With Olympic fever on the verge of breaking out, it is of little surprise that our cinemas are being bombarded with all manner of inspirational sports stories. After the overly-insistent approach of the home-grown flag-waving exercise Fast Girls, The Athlete instead endeavours to tell a more heartfelt and universal story, albeit with results that only sometimes feel adequately nourishing.
The first time we see Abebe Bikila (Rasselas Lakew), it is 1969 and he is readying himself for an epic three-year journey. Bikila is unquestionably best known for his barefoot run during the 1960 Rome Olympics, in which he collected Gold – and the first medal for a black athlete - in the marathon. Back in ’69, he is prepping for one final race at the 1972 Munich Olympics, while directors Davey Frankel and Rasselas Lakew transport us back to his beginnings, observing the ups and downs that brought him to both this point and beyond then it.
Frankel and Lakew’s seamless intercutting between archival footage and the feature narrative is itself rather good, even if the sparely-employed documentary material winds up much more interesting than the dramatic form that most of the film is devoted to. Most memorable is a savvy sequence later on, juxtaposing Abebe’s more beleaguered fall from fame with the tremendous physical feats of his rise to prominence.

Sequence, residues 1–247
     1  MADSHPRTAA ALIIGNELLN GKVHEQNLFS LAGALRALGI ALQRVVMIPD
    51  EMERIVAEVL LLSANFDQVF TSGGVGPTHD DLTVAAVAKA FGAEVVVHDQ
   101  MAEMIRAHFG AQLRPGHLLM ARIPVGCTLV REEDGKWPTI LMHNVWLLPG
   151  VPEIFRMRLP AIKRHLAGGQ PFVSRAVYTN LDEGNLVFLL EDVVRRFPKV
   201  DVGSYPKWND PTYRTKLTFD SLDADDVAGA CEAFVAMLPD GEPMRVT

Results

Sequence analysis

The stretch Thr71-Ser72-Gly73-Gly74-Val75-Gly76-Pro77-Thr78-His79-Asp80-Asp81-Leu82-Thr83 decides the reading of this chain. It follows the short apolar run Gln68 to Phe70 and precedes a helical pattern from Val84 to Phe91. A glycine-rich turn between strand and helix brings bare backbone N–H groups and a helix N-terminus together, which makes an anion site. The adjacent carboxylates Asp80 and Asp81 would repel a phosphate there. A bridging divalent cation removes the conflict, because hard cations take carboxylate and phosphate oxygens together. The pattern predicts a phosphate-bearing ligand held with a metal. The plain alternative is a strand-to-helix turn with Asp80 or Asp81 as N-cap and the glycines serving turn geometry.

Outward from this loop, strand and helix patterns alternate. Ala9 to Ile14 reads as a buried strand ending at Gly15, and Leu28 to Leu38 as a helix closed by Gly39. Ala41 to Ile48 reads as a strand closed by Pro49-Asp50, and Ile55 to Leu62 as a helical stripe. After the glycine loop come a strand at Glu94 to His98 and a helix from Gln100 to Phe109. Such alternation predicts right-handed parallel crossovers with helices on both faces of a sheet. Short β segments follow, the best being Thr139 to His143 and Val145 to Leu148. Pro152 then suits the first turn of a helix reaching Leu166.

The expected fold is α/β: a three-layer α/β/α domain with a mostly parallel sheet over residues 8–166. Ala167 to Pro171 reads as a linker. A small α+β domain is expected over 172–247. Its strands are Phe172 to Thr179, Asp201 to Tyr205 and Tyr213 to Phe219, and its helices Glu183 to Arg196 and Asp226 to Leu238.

However, overuse of obvious voiceover narration ties all the meaning together rather lazily, suffocating the viewer. While Bikila no doubt lived a fascinating life, this treatment reduces it to a rote coming-of-age inspirational story; we see him growing up away from his parents, cut against his preparations for Munich, culminating in a road trip involving encounters with a priest, a blind horse, disrespectful bar patrons and finally, his own brush with mortality.
The quasi-philosophical regard to so much here regrettably proves more disposably flowery than thoughtful, such as when Abebe’s friend Onni (Dag Malmberg) declares at one point – with an impressive poker face – that “You can tell everything about a man from how he runs”. Overall there feels like a lack of journalistic distance and a distinct naivety to things, chiefly the apparent “outrage” that Ethiopia’s sporting federation dared to focus their efforts on younger, fitter athletes than Bikila. Forced dialogue meanwhile shoves Abebe’s existential dilemma – of caring for his family as well as his physical crusade – down our throats.
The inevitability of his life – that a car crash left him paralysed from the waist-down – is the sort of setback that, in a film like this, typically feels contrived, as it would if it were not, in fact, a slice of real life. Rather, it serves as a potent way in which to explore the idea of adaptation, while retaining the sad honesty of Bikila’s situation, that many who supported him in his successes are nowhere to be seen in his anguish.
The third act, however, diverts sharply, with poor storytelling placing Abebe in another place altogether with very little explanation. The palpable humanist themes present – about personal meaning, not giving up, and finding victories in unexpected places – are undermined by the rickety inconsistency of the storytelling. If told with more conviction, these sentiments can be profound, but here, they have the feel of a pandering TV movie-of-the-week.
Despite being well-intentioned and featuring a more-than-worthy subject, the perceived lack of editorial distance makes it feel too often like a hagiography. The Athlete is effective at studying a physical specimen, but as an examination of a man in terms of what he means to his family and his country, the context is fatally scarce.
The Athlete is on limited release from Friday.